Listening to bedtime stories. Building with Legos. Watching Toy Story at the drive-in. These are childhood pastimes that Joe Bradford, BIND ’12, isn’t quite ready to give up. And as designer in the Boy’s Gaming division at Hasbro, he doesn’t have to.
“Storytelling is a thread that runs through all of product design,” Bradford says. “I get to tell the story of actual characters and emotions through toys.”
He works on licensed games within the Marvel and Star Wars brands, developing board games in conjunction with movie launches (think Star Wars Wookiee Chewbacca in the Millennium Falcon battling stormtroopers). The process typically takes eight to 12 months, and Bradford is involved in every stage of the design process, from initial concepts to final product—including brainstorming games from movie scenes, developing and balancing game mechanics, designing mockups and 3D models, and reviewing production samples before manufacturing. Some of the funniest moments come during product testing with tough customers: kids.
“You have this preconceived notion of what they will like and not like, and then they just completely tear it apart in front of you,” he laughs, describing what happens in the company’s Fun Lab.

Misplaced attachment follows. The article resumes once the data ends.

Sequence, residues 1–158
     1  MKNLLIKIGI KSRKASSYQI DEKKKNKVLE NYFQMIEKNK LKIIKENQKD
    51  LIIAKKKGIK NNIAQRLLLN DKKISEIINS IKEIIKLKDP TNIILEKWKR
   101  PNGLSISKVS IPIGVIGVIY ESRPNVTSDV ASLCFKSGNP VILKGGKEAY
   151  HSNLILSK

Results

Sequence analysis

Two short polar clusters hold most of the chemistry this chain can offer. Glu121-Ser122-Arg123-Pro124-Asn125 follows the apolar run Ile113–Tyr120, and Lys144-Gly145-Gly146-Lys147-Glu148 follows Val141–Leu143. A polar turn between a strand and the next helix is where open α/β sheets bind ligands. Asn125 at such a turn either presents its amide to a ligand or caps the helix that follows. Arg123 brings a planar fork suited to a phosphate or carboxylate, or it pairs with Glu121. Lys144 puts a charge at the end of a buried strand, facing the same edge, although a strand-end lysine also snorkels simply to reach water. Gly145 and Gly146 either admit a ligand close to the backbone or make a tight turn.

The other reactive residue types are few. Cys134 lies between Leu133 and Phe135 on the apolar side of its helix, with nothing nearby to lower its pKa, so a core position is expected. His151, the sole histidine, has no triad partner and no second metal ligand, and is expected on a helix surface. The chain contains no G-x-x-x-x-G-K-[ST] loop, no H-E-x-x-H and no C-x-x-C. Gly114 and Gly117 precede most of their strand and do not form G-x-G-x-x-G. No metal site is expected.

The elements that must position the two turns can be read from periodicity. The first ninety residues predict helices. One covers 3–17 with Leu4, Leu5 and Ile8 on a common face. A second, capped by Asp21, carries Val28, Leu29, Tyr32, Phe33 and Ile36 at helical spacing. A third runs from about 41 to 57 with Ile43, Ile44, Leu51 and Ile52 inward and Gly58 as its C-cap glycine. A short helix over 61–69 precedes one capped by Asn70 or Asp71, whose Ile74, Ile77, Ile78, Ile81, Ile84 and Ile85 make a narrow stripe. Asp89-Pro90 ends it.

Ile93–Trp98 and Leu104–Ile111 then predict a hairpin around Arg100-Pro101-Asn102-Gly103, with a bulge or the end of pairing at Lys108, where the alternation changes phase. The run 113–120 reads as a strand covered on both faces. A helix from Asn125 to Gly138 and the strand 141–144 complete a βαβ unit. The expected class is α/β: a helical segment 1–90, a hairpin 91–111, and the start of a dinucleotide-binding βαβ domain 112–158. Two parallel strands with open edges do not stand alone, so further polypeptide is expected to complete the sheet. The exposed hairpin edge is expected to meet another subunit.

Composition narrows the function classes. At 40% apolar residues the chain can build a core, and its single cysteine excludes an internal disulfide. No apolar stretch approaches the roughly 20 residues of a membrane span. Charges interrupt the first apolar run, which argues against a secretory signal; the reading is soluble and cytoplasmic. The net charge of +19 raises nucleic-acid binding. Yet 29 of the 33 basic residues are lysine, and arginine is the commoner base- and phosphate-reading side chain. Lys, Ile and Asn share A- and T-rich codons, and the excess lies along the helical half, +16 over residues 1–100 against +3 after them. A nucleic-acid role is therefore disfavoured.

His favorite board game design is Star Wars Risk (available now), based on “the epic final moments” of Episode Six (Return of the Jedi). “I remember watching Star Wars at my grandmother’s house, and playing Risk with my brother and sister, Bradford says. As a kid you don’t think you’ll be working on the things you love.”
Family also played a role in choosing to major in industrial and product design. “My mom stayed home and we did lots of arts and crafts,” he recalls of growing up in a tight-knit Italian family in Londonderry, N.H. “I knew I wanted to be hands on and work in a creative field from a young age.”
But it hasn’t been only about superheroes and galaxy wars. At Wentworth, Bradford’s senior thesis focused on brain training to help improve neural pathways for people suffering from Alzheimer’s disease and dementia. (It won Best Directed Studies Project). He also worked on community-based design campaigns at Design Museum Boston (founded by Wentworth professors Sam Aquillano and Derek Cascio).
And while he originally planned on a career in high-end housewares, Bradford landed in the universe of toys—inspired after back-to-back internships at Rhode Island-based Hasbro during his junior year.
“Don’t be afraid to take opportunities outside of your comfort zone,” he says, “because you might discover something you love.” —KRISTEN L. WALSH